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Report: National Monuments At Risk

A counter-terrorism report commissioned by the U.S. National Park Service concluded many of Washington's major monuments and memorials were vulnerable to terrorist attack and needed better security.

CBS News Correspondent Lee Cowan reports that authors of the study were most concerned about the vulnerability of nine landmarks that attract large numbers of tourists daily -- including the newly refurbished Washington Monument, the Lincoln Memorial and the Vietnam Veterans Memorial.

The Washington Post says the 200-page security assessment cites several examples of how terrorists could easily destroy national monuments and create mayhem similar to that caused by the 1995 bombing of the federal building in Oklahoma City.

U.S. Park Police officials are quoted as saying that visitors should feel safe going to the National Mall for special events such as Tuesday's Independence Day celebrations. Many of Washington's best known monuments are located on or near the Mall.

The Jefferson Memorial.

"We've taken steps to ensure safety measures are in place to take care of any situation that may occur," Park Police Sgt. Rob MacLean told the Post.

The counter-terrorism study reportly draws a direct correlation between the security threat to the memorials and the funding of the U.S. Park Police.

According to the Post, the report, called the National Park Service: Strategic Counter-terrorism Plan, says the federal law enforcement agency is understaffed and poorly funded.

Another problem is a 20-year-old communications system that is not secure. During the World Bank and International Monetary Fund protests, their radios often were jammed with interference, and official suspect the protesters were jamming the Park Police frequencies.

The study reportly recommends "a one-time expenditure of $3 million to bring eight of the monuments up to security standards."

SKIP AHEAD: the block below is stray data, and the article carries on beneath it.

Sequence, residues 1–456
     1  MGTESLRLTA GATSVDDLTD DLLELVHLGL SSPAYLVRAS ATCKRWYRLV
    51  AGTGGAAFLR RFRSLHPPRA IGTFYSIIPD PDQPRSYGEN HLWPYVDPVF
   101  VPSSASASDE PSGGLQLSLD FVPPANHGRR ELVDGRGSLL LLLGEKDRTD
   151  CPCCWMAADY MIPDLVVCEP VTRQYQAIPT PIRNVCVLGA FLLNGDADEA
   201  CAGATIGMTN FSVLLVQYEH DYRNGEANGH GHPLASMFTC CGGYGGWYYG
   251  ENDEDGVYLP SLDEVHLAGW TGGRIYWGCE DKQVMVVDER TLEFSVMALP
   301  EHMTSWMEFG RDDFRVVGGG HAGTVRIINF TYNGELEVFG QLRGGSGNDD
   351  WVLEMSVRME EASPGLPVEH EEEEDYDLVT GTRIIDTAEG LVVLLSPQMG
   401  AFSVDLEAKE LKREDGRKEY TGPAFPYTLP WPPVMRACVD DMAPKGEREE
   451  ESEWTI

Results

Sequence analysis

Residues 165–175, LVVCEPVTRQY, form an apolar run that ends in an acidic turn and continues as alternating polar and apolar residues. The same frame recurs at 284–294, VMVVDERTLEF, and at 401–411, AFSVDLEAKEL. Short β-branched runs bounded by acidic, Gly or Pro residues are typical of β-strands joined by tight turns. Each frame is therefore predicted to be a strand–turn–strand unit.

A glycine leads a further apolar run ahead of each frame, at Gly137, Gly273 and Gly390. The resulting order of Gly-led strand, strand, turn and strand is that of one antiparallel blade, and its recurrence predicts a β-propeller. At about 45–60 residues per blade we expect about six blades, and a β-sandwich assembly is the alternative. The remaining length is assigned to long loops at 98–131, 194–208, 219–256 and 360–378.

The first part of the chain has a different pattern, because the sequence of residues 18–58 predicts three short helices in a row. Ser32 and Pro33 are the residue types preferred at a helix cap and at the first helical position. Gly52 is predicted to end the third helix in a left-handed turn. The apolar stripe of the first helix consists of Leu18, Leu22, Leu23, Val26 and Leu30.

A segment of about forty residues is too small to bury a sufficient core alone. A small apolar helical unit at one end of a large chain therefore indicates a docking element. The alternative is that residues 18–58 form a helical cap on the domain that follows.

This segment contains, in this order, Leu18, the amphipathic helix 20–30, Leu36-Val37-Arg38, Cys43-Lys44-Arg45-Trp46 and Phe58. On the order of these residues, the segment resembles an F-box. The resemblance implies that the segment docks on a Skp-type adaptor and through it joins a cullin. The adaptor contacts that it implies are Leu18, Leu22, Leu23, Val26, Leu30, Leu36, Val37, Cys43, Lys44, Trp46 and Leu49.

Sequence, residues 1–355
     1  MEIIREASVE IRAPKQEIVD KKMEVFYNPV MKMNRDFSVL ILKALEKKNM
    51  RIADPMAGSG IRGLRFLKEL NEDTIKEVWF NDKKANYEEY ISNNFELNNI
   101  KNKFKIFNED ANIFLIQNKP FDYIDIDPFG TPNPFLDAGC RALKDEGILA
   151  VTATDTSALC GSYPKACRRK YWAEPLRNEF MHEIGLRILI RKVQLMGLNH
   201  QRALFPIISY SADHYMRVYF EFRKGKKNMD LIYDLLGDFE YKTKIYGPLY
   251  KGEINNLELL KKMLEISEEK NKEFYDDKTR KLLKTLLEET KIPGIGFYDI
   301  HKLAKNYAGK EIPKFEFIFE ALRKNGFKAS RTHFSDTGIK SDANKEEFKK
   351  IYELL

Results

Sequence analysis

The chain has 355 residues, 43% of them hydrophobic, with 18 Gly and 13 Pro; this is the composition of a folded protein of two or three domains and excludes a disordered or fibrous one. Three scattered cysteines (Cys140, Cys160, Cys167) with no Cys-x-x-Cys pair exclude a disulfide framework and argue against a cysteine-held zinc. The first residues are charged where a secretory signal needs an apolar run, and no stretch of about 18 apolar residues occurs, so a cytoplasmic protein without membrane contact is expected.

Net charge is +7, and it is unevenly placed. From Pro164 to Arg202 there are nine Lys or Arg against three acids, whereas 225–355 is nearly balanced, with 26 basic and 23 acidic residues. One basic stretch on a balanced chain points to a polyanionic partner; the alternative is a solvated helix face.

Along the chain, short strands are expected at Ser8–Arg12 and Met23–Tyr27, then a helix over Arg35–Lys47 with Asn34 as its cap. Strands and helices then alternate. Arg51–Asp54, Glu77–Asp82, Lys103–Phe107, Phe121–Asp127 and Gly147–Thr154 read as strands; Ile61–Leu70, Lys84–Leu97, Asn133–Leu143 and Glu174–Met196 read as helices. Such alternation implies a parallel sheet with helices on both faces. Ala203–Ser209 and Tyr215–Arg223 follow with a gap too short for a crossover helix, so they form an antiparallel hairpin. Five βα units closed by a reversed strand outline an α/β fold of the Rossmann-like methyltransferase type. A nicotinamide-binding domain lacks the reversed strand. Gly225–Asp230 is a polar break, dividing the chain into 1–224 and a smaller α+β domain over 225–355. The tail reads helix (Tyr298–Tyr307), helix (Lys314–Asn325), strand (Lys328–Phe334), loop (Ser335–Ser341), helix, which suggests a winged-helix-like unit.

The Vietnam Veterans Memorial.

Many of the security shortcoming cited in the report concern lack of manpower, safety procedures and poor communications equipment, the Post reported.

The U.S. Secret Service and the FBI would not omment on the readiness of the Park Police or other law enforcement agencies patrolling Washington. However, two counter-terrorism experts noted that the city was under the protection of several police agencies and that the U.S. Park Police, while vital, did not act alone, the Post said.

In 1982, the Washington Monument was seized by a man who drove a truck he said was filled with dynamite to the entrance. Before being shot and killed by the Park Police, he said he'd chosen the monument because "it's one of the sacred icons and it's accessible."

There was no dynamite in the truck.

No one wants to wall off Washington, D.C., and all its monuments, memorials and museums. Tourism is the city's second-largest industry (after government, and ahead of the press that covers government). And one expert says officials must strike a balance.

"I think that we have an obsession akin to creating a risk-free society, and it's just impossible to have," said Bruce Hoffman, a Washington-based counter-terrorism expert at the Rand Corp., a non-profit public policy institute.

"Of course [the monuments] are vulnerable. But everything is vulnerable," he said. "It comes to a point where you have to accept that we can't have a risk-free society."

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